Richard Wentworth



Presenting Richard Wentworth (Samoa 1947 – lives and works in London) is a great honour for pinksummer, but at the same time it is a somehow difficult task, even with a short writing for press release: the risk is to copy ideas already expressed and expressed again, falling into the obvious.
From the late 70s Richard Wentworth, together with Richard Deacon and Tony Cragg, played a key role in the subversion of the traditional concept of sculpture. The so called “New English Sculpture”, born under the sign of Marcel Duchamp, has included the “raw” industrial object, putting it into new contexts, new needs, new relationships, and giving to the viewer a fresh look at the world.
A book comes to mind published just in 1974, when Wentworth began to shoot the series of photographs “Making Do and Getting By”, found sculptures in everyday life that present a magic urban realism: the book is “Zen and the art of repairing motorbike” by Robert M. Pirsig. The author talks about the hate of technology of his two friend Sylvia and John, a sentiment shared by many who feel how technology and industry are engaged with the political forces trying to transform people into mass. Pirsig affirms that he doesn’t agree with his two friends, because escaping technology ineluctably brings to the defeat. Buddha or the Divine are in the motorcycle machine as in the petals of a flower: “When John looks at the motorcycle, he only looks at the steel components that inspire him negative feelings, and so he turns off. I am looking at the same steel components and I see ideas. John thinks that I am working on machine components, while I am working on concepts”.
Through his work, a sort of philosophy of life, Wentworth reveals the connection between industry an military “barely visible but infinitely affecting” which is central to the idea of globalism: his force as sculptor, photographer, curator tends always to light and enrich the perception, giving to the viewer an instrument of resistance towards mass production and globalisation. In a system where not even the Lego construction kit for kids are free from the instruction booklet, thinking the object in an anarchic way, as opposed to being informed about it, is a breath of fresh air, helps not to feel strangers at home, as the boys who select the electronic sound of Game Boy to invent their own chip music, subverting the use of the object.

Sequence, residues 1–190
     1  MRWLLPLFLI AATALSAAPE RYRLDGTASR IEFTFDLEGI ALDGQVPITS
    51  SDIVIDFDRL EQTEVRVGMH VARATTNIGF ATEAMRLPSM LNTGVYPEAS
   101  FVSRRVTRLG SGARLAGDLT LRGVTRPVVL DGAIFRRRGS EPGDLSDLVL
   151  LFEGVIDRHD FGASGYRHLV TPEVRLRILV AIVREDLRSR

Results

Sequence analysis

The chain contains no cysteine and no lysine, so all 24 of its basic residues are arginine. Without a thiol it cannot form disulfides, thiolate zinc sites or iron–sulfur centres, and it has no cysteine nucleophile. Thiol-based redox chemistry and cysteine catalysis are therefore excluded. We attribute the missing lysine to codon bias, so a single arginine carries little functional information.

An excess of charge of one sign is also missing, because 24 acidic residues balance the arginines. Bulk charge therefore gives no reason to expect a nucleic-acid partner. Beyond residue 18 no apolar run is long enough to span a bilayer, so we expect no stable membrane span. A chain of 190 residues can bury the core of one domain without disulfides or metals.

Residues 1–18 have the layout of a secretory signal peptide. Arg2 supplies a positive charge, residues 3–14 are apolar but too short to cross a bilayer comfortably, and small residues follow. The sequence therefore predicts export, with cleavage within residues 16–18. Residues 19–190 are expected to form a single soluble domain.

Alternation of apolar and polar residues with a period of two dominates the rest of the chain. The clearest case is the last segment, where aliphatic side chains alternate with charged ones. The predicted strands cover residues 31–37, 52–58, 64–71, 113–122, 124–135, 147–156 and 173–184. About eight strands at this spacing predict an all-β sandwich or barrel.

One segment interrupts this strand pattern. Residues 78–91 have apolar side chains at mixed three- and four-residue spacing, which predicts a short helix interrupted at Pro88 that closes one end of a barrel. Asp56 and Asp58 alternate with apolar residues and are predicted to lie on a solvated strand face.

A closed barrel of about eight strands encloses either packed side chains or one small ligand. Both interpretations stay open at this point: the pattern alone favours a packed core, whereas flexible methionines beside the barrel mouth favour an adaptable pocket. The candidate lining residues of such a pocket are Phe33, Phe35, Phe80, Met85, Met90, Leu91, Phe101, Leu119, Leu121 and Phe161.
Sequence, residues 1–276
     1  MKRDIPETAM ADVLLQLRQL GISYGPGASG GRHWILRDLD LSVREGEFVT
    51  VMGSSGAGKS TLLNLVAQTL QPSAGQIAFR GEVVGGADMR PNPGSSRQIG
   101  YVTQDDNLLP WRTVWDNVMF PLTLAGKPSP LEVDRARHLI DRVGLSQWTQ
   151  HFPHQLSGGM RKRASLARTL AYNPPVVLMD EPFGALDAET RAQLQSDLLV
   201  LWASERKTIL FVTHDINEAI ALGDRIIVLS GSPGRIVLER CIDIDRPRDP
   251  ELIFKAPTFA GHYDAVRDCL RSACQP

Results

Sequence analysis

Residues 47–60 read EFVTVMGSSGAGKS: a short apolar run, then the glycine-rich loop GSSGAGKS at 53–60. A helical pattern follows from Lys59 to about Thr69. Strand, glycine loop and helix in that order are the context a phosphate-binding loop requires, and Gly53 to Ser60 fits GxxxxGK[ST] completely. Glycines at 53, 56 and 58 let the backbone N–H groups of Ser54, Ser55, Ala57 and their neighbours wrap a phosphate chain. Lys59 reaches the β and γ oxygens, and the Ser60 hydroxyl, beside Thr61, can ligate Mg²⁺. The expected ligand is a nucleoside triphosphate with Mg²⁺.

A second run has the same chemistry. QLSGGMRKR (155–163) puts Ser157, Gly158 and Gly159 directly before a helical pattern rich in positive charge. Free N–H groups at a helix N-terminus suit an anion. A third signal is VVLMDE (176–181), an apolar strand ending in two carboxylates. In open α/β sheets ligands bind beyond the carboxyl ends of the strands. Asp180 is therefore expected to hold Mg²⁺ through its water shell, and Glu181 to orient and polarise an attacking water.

It is a political message, so subversive as it is peaceful, which invites to think: sometimes they are small alterations that, by disorienting, teach how to orient oneself and slowly to reappropriate of reality: which has to belong to us if we want to be persons, individuals in the less egoistic meaning of the word.
For the invitation of his pinksummer solo show, Richard Wentwoth asked us to choose a old postcard of Genoa. We found a place, Portoria, which is no longer the way it was. At the centre there was the monument of Balilla, dear to old Genoeses. Balilla was a boy who, distressed by the arrogance of Austrian occupying soldiers invited the population to throw stones against them to induce retreat: thus the people free their city; the images seems conceptually akin to Wentworth’s work.
In this respect, besides his assisted ready-mades and the photography searching for the spontaneous destruction of commonplaces, we have to name the project commissioned by Artangel in 2002: “An Area of Outstanding Unnatural Beauty” an investigation in the psycho-geography of London starting from King’s Cross, where Richard Wentworth has been living for 25 years. It is a very articulate project, though, and we invite you to look at the website of Artangel.
We would also like to mention “Thinking Aloud” ,a show curated by Richard Wentworth in 1999, which, as someone noted, even if not exhibiting any of his works could be looked as an extended work by him. A sort of wunderkammer in which the artist tried to explore the process of formalization of ideas: “how thoughts become ideas become realities”.
Among the several objects shown there were the first drawing of Pluto by Disney, the maquette of Guggenheim Bilbao by Frank Gehry and works of a number of young artists, including “Garbage Bag” by Ceal Floyer.
Many of the YBA’s consider Richard Wentworth a father, who, as Stanley Cavell wrote in “The Claim of Reason”, has taught that “The ways of initiation are infinite, it doesn’t finish to find new potentiality in the words and new ways to discover objects” turning the ambiguity of reality into a creative stimulus.

At pinksummer the artist will show a group of 60 photos from the series “Making Do and Getting By”.

We would like to thank Neal Robert Wenman, curator at Lisson Gallery, for his precious help.